Objective: Hemangioma is an endothelial cell tumor that grows rapidly during infancy and regresses slowly during childhood. However, little is known about the natural history of this common tumor. To gain insight into the cellular mechanisms that underlie the switch from uncontrolled growth to involution of endothelium, we investigated the extent of cellular apoptosis versus proliferation in hemangioma specimens that spanned the natural life cycle of the tumor.
Methods: We analyzed apoptosis and cellular proliferation in frozen sections from 16 hemangioma specimens using the TUNEL assay to detect apoptotic cells and the Ki67 antigen to detect dividing cells.
Results: Apoptosis was low in proliferative phase hemangiomas but increased fivefold in involutive phase specimens obtained from children one to four years of age. Immunofluorescence double-labeling experiments showed that at least one third of the apoptotic cells were endothelial. As expected, cellular proliferation was high in specimens up to 2 years of age but decreased significantly thereafter. Apoptosis was consistently low in nine normal skin tissues (newborn to 4 years of age) obtained from discarded pathology specimens.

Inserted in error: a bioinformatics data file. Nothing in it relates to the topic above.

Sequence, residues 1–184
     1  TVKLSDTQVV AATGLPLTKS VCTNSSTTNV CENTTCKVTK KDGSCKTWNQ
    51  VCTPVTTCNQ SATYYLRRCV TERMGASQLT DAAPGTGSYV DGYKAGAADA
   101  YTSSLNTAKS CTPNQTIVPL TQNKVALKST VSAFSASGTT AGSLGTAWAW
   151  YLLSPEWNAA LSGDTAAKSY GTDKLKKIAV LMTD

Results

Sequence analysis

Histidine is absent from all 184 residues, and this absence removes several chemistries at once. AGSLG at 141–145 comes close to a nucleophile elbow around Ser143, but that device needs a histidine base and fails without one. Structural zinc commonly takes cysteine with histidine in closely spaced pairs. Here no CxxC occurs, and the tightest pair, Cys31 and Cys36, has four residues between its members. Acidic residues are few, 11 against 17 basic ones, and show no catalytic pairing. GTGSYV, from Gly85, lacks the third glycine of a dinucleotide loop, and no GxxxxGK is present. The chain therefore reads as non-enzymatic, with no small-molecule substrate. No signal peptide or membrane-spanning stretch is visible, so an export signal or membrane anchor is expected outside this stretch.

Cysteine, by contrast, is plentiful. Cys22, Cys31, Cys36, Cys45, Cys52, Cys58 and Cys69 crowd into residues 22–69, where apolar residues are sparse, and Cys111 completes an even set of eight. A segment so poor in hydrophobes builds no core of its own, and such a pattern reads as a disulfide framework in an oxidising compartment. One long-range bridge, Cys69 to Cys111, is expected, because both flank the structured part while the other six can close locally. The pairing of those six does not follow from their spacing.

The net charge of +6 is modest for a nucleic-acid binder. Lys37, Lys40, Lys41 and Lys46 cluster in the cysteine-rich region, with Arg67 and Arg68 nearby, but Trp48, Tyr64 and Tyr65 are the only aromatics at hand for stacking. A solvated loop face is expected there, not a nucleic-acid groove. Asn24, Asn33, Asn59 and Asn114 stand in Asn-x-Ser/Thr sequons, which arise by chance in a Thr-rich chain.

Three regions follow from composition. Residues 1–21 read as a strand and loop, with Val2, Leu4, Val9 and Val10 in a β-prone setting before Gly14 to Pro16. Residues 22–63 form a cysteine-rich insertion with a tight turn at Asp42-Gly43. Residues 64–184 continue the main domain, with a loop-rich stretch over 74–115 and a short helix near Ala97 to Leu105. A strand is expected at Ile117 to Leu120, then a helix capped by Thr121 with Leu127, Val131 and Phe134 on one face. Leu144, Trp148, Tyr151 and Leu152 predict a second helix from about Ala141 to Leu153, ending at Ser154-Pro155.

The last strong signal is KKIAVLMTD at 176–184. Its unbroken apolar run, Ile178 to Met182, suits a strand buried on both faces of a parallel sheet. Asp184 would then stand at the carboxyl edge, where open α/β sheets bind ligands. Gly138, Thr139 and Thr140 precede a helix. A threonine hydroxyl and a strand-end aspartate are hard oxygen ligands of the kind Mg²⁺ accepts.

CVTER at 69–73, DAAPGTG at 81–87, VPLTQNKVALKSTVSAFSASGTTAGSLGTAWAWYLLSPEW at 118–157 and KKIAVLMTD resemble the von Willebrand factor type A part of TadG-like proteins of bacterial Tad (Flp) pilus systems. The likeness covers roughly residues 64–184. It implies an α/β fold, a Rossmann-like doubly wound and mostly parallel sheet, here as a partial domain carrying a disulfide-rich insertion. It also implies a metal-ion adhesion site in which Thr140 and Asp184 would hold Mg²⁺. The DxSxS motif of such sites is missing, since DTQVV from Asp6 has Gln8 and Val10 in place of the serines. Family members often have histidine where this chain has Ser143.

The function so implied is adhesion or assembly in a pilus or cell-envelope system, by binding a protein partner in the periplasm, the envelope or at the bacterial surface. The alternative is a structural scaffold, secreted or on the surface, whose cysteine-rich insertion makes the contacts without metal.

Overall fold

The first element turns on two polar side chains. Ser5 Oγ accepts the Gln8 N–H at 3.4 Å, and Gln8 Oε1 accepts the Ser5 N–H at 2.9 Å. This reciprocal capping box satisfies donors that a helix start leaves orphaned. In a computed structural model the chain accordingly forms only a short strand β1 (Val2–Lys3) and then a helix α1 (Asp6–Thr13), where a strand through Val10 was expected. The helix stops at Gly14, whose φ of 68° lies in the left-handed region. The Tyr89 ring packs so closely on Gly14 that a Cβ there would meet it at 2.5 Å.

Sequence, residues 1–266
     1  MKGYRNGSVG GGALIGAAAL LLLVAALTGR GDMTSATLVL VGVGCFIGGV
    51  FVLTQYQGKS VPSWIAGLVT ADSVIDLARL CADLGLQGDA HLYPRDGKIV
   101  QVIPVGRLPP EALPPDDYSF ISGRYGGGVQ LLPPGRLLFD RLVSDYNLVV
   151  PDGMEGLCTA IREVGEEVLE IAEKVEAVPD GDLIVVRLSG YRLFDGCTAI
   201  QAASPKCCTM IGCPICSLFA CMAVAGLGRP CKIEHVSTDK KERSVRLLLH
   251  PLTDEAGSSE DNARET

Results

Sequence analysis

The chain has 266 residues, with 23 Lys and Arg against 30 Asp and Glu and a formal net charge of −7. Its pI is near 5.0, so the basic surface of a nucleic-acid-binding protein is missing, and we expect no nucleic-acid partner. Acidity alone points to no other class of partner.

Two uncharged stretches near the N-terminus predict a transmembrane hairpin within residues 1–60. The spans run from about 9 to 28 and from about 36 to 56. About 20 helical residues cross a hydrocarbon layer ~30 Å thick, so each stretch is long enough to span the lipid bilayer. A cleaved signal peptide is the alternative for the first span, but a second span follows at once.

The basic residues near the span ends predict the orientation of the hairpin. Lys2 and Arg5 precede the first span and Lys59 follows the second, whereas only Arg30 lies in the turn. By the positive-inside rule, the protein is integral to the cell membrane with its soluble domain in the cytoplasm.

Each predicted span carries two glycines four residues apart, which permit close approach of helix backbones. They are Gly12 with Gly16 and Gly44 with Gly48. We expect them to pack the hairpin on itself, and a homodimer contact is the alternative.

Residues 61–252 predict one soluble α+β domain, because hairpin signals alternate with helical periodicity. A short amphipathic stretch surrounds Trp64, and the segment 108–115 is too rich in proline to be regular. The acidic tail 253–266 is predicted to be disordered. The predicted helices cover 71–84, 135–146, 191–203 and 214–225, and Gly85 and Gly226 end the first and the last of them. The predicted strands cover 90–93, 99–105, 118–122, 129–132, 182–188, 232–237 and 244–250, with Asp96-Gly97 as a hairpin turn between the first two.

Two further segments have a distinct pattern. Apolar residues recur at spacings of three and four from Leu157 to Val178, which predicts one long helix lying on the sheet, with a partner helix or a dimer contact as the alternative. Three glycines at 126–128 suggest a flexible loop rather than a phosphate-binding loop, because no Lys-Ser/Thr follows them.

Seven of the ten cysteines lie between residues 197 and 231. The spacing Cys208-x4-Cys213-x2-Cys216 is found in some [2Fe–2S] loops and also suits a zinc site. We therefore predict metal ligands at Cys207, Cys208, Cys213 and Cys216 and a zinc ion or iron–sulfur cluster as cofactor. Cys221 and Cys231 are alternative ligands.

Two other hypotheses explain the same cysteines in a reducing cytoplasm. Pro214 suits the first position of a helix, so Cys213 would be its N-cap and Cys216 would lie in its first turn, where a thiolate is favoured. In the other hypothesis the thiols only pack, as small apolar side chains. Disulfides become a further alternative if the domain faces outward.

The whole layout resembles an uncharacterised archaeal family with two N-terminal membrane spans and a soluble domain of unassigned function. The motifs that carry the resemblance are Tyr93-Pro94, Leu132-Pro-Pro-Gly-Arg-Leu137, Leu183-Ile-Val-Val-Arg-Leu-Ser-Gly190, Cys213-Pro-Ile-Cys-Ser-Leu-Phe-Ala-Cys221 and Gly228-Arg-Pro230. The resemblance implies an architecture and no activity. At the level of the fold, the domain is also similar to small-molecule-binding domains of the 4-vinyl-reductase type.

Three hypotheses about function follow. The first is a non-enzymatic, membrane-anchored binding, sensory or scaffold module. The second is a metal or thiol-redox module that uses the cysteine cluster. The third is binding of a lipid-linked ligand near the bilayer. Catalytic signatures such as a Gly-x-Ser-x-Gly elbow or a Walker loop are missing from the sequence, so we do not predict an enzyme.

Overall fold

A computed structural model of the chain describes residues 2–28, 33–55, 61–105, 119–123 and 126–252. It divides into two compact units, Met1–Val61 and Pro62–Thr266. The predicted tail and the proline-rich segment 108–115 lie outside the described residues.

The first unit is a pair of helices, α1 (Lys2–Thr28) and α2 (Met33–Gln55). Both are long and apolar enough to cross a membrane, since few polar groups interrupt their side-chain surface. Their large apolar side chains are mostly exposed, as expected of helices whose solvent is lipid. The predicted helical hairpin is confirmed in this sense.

Conclusions: These results suggest that increased apoptosis during the second year of life can offset cellular proliferation and may be involved in initiating regression of hemangioma.